Debris finally cleared from site of January house fire

A fire ripped through this rowhome on Ru­an Street in Frank­ford in Janu­ary.

A Frank­ford house made un­in­hab­it­able by a fire was sealed up by the city on Ju­ly 5, and debris from the build­ing was bagged up and stacked on the nar­row pave­ment out­side un­til it was col­lec­ted a couple weeks later.

The fire on the 1900 block of Ru­an St. was in mid-Janu­ary. So why did it take nearly six months for the city to act?

There is a time frame for such work to be com­pleted, but there are ways that can get stretched. What helps keep things mov­ing, however, is some well-dir­ec­ted grip­ing.

So, skip­ping ahead to the mor­al of this story: Don’t hes­it­ate to call in a prob­lem; the people who could do something might not know about it un­less some­body tells them. Or re­minds them.

Brid­get Collins-Gre­en­wald, deputy city man­aging dir­ect­or, said the Ru­an Street prop­erty was cleaned out and boarded up by staffers in the city’s Clean & Seal unit, who, she said, should have got­ten rid of the debris after their work on the build­ing was com­pleted.

A week later, however, that debris was still out on the pave­ment. Collins-Gre­en­wald took care of that. A re­port­er checked on the prop­erty on Ju­ly 20; no trash was out­side. A neigh­bor said it was re­moved Ju­ly 19.


Ac­cord­ing to Collins-Gre­en­wald, the pro­ced­ure to have a prop­erty cleaned and sealed is sup­posed to work this way:

A ser­vice re­quest comes through the city’s 311 sys­tem to the De­part­ment of Li­censes and In­spec­tions.

L&I has 45 days (a month and a half) to an­swer a prop­erty-main­ten­ance com­plaint.

L&I will is­sue vi­ol­a­tions and give the own­er 35 days to com­ply (more than an­oth­er month.)

After 35 days, an L&I in­spect­or will look over the prop­erty.

If the prop­erty has not been cleaned up and sealed by the own­er, the case will be sent to the Clean & Seal unit, which usu­ally will do the work with­in 18 days.

Collins-Gre­en­wald’s de­scrip­tion of the clean-and-seal pro­cess shows that it all should take little more than three months.

So, it’s im­port­ant to get the ball rolling as soon as a prob­lem prop­erty is spot­ted.

“I ad­vise every­one to use the 311 sys­tem,” Collins-Gre­en­wald said in an e-mail to the North­east Times. “L&I does do pro­act­ive in­spec­tions in cer­tain areas (e.g. school in­spec­tions, busi­ness sur­veys of com­mer­cial cor­ridors), but the most ef­fect­ive way to get an in­spec­tion is to call 311.”


Mi­chael Maen­ner, a deputy L&I com­mis­sion­er, said a de­part­ment in­spect­or vis­ited the prop­erty the night of the fire and de­clared the build­ing un­safe.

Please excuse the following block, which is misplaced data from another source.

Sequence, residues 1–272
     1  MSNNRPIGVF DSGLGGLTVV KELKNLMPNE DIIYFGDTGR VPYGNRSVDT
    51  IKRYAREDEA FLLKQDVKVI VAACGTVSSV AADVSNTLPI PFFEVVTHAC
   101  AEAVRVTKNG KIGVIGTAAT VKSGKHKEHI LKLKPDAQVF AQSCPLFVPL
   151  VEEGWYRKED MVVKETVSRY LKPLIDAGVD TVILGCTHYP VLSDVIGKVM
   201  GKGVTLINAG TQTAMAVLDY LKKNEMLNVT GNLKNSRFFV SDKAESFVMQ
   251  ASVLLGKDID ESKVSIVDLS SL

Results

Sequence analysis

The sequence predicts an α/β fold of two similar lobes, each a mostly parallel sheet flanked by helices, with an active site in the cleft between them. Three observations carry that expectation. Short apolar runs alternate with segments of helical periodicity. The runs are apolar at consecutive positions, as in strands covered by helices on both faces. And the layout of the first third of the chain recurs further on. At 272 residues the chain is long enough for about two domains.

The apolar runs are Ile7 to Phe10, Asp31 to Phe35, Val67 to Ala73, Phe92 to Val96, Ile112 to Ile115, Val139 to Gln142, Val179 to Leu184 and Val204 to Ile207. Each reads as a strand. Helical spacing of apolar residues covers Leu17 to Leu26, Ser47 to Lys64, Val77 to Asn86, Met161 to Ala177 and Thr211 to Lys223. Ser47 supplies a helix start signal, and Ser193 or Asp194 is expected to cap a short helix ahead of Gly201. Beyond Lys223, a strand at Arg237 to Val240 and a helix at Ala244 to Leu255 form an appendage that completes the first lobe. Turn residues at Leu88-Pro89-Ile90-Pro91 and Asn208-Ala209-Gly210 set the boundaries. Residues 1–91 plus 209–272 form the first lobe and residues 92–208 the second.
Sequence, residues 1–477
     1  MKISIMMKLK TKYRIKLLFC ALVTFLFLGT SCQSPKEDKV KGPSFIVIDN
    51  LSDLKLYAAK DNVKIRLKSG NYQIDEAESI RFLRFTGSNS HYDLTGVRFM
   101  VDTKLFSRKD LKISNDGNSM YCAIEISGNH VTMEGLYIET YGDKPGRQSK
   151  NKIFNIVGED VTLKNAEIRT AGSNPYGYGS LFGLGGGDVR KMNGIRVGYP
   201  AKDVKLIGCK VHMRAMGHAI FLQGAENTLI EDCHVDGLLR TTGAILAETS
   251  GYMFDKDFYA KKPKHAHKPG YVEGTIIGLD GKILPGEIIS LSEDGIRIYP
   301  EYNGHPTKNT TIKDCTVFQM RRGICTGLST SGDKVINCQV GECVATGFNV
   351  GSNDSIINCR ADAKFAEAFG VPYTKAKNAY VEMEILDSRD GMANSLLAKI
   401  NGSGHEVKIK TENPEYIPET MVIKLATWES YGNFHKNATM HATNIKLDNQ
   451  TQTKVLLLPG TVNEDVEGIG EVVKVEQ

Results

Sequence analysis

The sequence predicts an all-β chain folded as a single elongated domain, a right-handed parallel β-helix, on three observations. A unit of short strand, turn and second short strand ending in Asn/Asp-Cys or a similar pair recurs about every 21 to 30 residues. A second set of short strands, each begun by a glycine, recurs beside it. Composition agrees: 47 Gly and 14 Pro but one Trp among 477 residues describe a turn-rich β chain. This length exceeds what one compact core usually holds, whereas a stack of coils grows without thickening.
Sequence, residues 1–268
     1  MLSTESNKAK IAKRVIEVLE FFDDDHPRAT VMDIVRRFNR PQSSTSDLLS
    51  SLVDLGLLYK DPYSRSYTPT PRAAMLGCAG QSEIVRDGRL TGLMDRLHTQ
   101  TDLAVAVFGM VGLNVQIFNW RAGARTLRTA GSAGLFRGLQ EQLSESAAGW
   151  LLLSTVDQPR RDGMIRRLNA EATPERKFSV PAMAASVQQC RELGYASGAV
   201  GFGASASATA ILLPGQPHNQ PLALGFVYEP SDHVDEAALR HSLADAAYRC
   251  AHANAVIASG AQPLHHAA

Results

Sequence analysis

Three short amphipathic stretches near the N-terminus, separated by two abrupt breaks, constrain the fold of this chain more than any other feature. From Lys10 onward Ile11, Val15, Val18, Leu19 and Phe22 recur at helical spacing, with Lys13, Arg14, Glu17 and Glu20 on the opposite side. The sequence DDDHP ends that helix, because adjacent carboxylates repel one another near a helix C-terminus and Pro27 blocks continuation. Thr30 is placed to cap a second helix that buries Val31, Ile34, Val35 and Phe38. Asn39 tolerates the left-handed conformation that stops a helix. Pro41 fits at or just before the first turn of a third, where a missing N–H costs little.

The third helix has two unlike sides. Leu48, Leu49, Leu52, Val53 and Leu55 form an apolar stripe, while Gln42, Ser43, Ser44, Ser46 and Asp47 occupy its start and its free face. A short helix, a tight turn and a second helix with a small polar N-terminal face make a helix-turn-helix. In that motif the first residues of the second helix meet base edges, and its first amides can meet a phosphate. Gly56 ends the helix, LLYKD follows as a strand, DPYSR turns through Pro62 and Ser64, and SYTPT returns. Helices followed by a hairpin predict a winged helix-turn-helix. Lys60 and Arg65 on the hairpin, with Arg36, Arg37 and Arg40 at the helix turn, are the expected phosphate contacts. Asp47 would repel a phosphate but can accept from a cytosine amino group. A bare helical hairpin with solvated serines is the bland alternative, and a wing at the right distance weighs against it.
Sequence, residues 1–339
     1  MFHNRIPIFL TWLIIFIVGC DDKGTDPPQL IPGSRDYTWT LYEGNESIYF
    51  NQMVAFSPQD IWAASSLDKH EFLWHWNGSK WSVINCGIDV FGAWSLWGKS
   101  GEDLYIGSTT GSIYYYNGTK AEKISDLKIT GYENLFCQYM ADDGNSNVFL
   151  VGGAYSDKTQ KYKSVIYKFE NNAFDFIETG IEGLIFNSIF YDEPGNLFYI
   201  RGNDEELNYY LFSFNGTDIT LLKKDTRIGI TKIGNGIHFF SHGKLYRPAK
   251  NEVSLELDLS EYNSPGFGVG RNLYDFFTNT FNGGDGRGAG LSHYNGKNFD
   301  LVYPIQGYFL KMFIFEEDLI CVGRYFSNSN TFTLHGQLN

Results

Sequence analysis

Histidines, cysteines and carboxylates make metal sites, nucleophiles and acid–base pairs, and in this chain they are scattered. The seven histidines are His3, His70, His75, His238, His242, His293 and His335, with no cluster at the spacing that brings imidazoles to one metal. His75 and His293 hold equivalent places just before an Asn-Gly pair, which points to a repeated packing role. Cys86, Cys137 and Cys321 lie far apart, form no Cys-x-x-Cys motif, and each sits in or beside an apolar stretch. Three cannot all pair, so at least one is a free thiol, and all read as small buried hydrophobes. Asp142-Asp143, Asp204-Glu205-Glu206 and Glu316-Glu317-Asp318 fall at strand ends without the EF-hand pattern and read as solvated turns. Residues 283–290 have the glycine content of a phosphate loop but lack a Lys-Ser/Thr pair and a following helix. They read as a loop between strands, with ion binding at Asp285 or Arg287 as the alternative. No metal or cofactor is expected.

But that three-month clock doesn’t start tick­ing im­me­di­ately after the fire. The city gives the own­er of a prop­erty in­volved in a fire a little lee­way.

“If there is a fire, we try to give people time to get their in­sur­ance,” Maen­ner said.

Ul­ti­mately, however, the own­er is re­spons­ible for the prop­erty, he ad­ded.

No­tices were sent to the own­er, but the own­er’s ad­dress is the same as the ad­dress of the build­ing L&I said was not safe. Nobody was home. The ex­pect­a­tion is that the no­tice would be for­war­ded, Maen­ner said.

He said that, since no re­pairs were made, the prop­erty was re­ferred to the Clean & Seal unit on May 20, a little more than four months after the fire. Al­though the unit is sup­posed to get to the prop­erty with­in 18 days, the unit is very busy this time of year, Maen­ner said, and the real time is about 25 busi­ness days — or five weeks. In this case, it was more than six.

The debris wasn’t picked up im­me­di­ately after the unit did its work be­cause a trash com­pact­or broke down, Maen­ner said.

Maen­ner said the av­er­age cost of the unit’s work is about $2,300. A li­en will be put on the prop­erty, and the mat­ter will be turned over to the city Law De­part­ment for col­lec­tion, he ad­ded.

There already is a li­en on the prop­erty — for non-pay­ment of taxes in 2010. Ac­cord­ing to the city’s on­line re­cords, more than $1,300 is owed in back taxes, in­terest and pen­al­ties.


Pete Specos, the Frank­ford Civic As­so­ci­ation’s zon­ing of­ficer, said re­ports of prob­lem prop­er­ties should be made early — and of­ten.

In a phone in­ter­view last week, he said he knows he and oth­er neigh­bors began re­port­ing the burned-out prop­erty to city agen­cies, in­clud­ing the city’s 311 sys­tem, with­in a few weeks of the Jan. 16 fire. He said he called sev­er­al times.

Debris from the fire was out on the pave­ment for months, said Al Rose, a mem­ber of the civic as­so­ci­ation’s board, who lives nearby.

The fire had af­fected sev­er­al prop­er­ties on the 1900 block of Ru­an St. It began, Ex­ec­ut­ive Fire Chief Daniel Wil­li­ams said at the time, in per­son­al items that had been piled on a porch.

A neigh­bor said a res­id­ent of the block had been evicted and she had stored her pos­ses­sions — cloth­ing and fur­niture — on the porches of nearby homes. That, Wil­li­ams had said, was not leg­al, for the ob­vi­ous reas­on that it was a fire haz­ard.

Emma Turn­er, who lived nearby, in Janu­ary said the fire quickly spread through the cloth­ing on one porch. The fire dam­aged sev­er­al homes and three cars, she said. The Red Cross sheltered Turn­er, her fam­ily and oth­er Ru­an Street res­id­ents. ••

Con­tact John Loftus at 215-354-3110 or at

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